It seems the seething is over. The Jesuits now have their pope.

But given the previous generation’s insistence on the overriding importance of “subsidiarity” within the Church and the value they placed on “dissent,” why, if it isn’t too indelicate to ask, are the American bishops, each of whom has his own apostolic authority, now being expected to trundle off submissively to Rome to assure the Pope and his minions that they are absolutely not dissenting in the least from the current pontiff?  The narrative has certainly changed: from Charles Curran’s “dissent” as an expression of “creative fidelity” to Austen Ivereigh’s screed against those who have “wounded” the “shepherd,” Francis, the “Great Reformer.” It is almost enough to make one think there is a bit of double-standard going on here; that many of those who demand papal obedience now were the fiercest critics of “papolatry” in the past when John Paul II was pope.  Is this a principled position or simply a two-faced expression of ideology — the sort of ideology the great Czech dissident Vaclav Havel perceptively described as “a specious way of relating to the world”?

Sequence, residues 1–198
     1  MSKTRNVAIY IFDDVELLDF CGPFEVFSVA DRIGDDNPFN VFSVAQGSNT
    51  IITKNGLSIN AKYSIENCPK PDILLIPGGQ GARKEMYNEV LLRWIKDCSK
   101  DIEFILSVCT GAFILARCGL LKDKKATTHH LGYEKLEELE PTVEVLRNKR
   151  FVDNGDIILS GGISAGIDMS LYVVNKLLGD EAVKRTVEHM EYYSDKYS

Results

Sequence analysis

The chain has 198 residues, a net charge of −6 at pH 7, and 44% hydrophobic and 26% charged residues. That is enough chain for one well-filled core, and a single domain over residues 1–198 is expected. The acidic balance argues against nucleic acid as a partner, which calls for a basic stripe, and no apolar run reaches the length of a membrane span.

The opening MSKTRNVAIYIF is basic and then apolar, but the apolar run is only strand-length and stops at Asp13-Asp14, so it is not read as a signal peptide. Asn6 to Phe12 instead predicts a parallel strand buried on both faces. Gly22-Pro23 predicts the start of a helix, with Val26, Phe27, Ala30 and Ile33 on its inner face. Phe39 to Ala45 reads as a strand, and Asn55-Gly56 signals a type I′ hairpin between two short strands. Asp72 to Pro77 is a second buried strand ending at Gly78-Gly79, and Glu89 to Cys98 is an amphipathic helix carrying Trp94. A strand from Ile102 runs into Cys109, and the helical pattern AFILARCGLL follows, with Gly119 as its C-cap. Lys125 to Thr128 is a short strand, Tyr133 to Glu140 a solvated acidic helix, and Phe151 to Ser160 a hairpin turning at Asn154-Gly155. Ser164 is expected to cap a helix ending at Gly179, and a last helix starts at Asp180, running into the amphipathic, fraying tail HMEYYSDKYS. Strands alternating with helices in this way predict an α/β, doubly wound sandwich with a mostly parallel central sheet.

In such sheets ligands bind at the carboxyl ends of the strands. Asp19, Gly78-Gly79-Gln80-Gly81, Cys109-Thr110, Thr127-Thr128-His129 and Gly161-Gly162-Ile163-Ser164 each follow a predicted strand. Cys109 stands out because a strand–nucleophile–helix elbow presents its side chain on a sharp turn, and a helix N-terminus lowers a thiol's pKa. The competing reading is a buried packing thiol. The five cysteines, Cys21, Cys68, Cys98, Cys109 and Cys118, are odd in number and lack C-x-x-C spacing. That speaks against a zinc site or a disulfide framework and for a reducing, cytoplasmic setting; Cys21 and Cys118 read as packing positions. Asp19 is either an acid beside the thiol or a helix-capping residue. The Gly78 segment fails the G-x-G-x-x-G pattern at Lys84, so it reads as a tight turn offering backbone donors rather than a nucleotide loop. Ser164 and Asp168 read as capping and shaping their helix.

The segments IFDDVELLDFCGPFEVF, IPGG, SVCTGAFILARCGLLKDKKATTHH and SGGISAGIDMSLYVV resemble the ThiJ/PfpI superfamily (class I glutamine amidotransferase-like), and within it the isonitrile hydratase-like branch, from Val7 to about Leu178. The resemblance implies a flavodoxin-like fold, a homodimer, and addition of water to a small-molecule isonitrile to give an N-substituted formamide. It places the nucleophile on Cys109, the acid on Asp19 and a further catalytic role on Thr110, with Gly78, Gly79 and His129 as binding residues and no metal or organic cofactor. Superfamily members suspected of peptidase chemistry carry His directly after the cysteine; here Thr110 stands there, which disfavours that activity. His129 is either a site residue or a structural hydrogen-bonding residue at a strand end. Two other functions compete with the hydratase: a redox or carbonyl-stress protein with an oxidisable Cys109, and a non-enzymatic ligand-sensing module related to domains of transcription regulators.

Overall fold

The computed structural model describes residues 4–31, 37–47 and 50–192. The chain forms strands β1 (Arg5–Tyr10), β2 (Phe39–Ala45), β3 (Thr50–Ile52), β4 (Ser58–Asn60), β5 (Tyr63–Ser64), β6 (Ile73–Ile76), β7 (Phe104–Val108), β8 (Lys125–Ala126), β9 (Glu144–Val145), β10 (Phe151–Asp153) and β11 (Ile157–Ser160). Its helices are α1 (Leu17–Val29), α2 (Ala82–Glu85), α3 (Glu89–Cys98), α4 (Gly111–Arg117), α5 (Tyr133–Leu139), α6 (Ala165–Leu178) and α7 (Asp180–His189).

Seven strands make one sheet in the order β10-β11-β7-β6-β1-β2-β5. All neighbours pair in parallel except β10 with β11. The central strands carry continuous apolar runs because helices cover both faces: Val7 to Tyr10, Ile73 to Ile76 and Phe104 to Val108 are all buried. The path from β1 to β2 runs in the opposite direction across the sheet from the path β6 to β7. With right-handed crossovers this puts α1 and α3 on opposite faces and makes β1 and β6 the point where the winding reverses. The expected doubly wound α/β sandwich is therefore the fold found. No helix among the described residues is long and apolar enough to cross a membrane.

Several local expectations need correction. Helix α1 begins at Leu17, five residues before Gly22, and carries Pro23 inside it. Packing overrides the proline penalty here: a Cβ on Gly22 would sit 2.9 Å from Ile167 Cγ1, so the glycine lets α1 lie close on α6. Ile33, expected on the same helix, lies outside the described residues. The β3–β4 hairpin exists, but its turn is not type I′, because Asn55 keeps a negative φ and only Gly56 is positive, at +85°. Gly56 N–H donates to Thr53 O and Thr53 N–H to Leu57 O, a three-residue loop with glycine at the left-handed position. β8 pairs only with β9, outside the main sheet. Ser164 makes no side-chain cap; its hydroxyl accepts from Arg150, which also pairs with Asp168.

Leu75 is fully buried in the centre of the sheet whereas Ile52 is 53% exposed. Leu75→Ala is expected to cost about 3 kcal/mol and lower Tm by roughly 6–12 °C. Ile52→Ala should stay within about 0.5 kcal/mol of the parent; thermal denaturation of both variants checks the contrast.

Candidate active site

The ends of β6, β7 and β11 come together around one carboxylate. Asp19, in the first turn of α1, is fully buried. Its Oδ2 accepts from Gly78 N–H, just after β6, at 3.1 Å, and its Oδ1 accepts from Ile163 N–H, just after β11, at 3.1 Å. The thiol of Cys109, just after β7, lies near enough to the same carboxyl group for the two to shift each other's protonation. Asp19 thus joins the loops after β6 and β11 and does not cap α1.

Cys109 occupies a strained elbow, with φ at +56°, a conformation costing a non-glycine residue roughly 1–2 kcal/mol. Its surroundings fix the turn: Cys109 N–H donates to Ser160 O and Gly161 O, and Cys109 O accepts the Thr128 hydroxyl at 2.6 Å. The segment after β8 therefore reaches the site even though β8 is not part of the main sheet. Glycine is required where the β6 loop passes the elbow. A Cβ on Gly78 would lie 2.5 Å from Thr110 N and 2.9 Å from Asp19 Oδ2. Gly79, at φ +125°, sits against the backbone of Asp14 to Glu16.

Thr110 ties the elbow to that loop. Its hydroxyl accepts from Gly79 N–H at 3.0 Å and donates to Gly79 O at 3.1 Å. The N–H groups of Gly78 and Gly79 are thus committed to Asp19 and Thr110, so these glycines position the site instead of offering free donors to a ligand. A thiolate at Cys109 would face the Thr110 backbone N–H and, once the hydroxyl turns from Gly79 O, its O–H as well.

There is an old saying:  “What’s sauce for the goose is sauce for the gander.”  Not any more, it seems.  This is a problem infecting not only the Catholic Church.  One finds it throughout contemporary politics and culture.  When certain more “conservative” parties are in charge, their authority is repeatedly brought into question.  “Resistance” and “dissent” are taken to be high virtues and important priorities, enough to trump other concerns for traditional order and peaceful coexistence.  When such “conservatives” are replaced by more “progressive” forces, this becomes the cause for tremendous celebration, as though the “will of the people” has finally triumphed and the tyrants brought low.